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  •   Webber, Wizards Get Final Word in OT

    By Ric Bucher
    Washington Post Staff Writer
    Monday, March 23, 1998; Page D1

    EAST RUTHERFORD, N.J., March 22 — For most of this afternoon, forward Chris Webber couldn't hit a shot, sink a free throw or get a call from the officials, but for one important instant he got all three and that propelled the Washington Wizards to a 102-100 overtime win over the New Jersey Nets.

    After blowing an 18-point third-quarter lead to finish tied at 90 at the end of regulation, the Wizards appeared to be fading under a withering offensive assault by rookie Keith Van Horn, who scored six of his game-high 29 points in overtime, the last of which came on a free throw with 31.8 seconds left to give the Nets a 98-96 lead.

    But Webber seized the momentum for the Wizards, driving on center Rony Seikaly from the top of the key and scoring on a running layup as Seikaly fouled him with 27.6 seconds left. Webber, who had missed five of his first eight free throws, hit the bonus free throw to put the Wizards ahead for good, 99-98. Reserve point guard Chris Whitney made a pair of free throws to increase the lead to three after a traveling violation by Van Horn, but Kerry Kittles matched them four seconds later to cut the difference to one again.

    Point guard Rod Strickland then closed the scoring by making the second of two free throws with 6.5 seconds left.

    "I think we put [the official] in a position where it would've been hard not to make a call," Webber said of his play. "Coach [Bernie Bickerstaff] drew up the play for me to set a back pick for Tracy [Murray] and then pop out for the ball. In the back of my mind, I was looking to drive and kick it out to one of our shooters. But I saw some daylight and took it."

    Webber's earlier struggles didn't worry Bickerstaff.

    "It's what he gets paid to do," Bickerstaff said. "We gave him the ball and he made the play. If you give it to a guy in that situation, you have confidence in him."

    But Webber also illustrated his satisfaction with the victory in a manner that probably won't do much for his public image. After a desperation baseline jumper by Van Horn sailed over the rim at the final buzzer, Webber swaggered down to the New Jersey end of the court and glowered at the fans, making a slicing motion across his throat. It was his way of getting back, he explained later, at fans, who taunted him after the Wizards' recent two-point loss in Philadelphia.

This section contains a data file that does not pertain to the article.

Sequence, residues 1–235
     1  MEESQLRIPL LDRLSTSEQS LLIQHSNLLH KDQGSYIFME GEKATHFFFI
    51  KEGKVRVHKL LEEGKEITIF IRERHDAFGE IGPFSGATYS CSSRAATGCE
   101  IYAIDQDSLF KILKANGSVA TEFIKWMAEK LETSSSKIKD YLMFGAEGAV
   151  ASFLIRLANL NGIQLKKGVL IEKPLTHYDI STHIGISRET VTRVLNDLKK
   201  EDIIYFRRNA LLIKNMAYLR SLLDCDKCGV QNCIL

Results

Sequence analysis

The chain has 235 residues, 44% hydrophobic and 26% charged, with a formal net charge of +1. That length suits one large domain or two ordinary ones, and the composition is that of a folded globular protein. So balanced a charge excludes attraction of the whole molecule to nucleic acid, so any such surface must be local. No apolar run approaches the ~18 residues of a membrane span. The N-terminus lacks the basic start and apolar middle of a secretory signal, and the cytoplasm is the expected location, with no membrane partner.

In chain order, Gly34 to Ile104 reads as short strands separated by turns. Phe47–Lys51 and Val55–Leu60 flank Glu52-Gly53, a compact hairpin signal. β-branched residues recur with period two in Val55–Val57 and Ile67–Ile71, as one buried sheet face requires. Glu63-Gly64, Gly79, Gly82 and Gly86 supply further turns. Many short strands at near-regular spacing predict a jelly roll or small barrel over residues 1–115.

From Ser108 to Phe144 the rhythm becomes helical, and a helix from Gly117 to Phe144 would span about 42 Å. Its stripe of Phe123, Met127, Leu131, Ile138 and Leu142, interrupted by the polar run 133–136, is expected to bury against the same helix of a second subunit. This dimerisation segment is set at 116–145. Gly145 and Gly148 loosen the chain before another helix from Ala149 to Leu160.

"I was just having fun with the fans," he said. "I was going back and forth with them all night. Plus, I had some friends up in the stands behind the Nets' basket. It wasn't meant toward the team."

    His gesture could very well represent the significance of the defeat to the Nets (35-34), though, for it clinched the season series for the Wizards, 3-1, which could loom large in the battle for the eighth and final Eastern Conference playoff spot. If the teams finish with identical records, the first tiebreaker is head-to-head results. The Wizards (35-33) are tied with Orlando (35-33), which defeated Golden State today, for the eighth spot.

    "We wanted to get the tiebreaker and now, hopefully, we won't need it," Webber said. "Hopefully, we'll be battling for a different spot."

    The victory, and how it was managed, has other positive implications for the Wizards. It came despite a combined 34 percent shooting from their three stars — Strickland, Juwan Howard and Webber. Calbert Cheaney offset their struggles by scoring 21 points on 10-of-15 shooting, his first plus-20 point effort in the past eight games.

    The win also gives the Wizards some momentum for a five-game trip that now takes them to the West Coast to face four teams certain to be in the postseason.

    "I don't think this team has any fear and sometimes that's to our detriment," Bickerstaff said. "This doesn't mean anything if we don't continue to win. But it's a start and it's a good start."

    Nets Coach John Calipari tried a variety of tricks at the start to throw the Wizards off-balance, putting Kittles, a 6-foot-5 shooting guard, on Strickland and small forward Kendall Gill on center Terry Davis, but that had little to do with New Jersey's 30-25 lead going into the second quarter.

    Credit that, instead, to Van Horn, who had 10 first-quarter points and put both Webber and Juwan Howard in foul trouble. Howard ultimately fouled out with 55 seconds left in overtime and Webber played the final 2 minutes 42 seconds in overtime with five fouls.

    As a result, Bickerstaff was forced to put Murray, one of the team's least-effective defenders, on Van Horn for long stretches of the game, including most of overtime.

    "We didn't have much choice because of the foul trouble and the matchups," Bickerstaff said.

    The Wizards slowed down Van Horn in the second quarter, though, holding him to two points in the period, allowing them to roar back and take a 58-44 halftime lead.

    © Copyright 1998 The Washington Post Company

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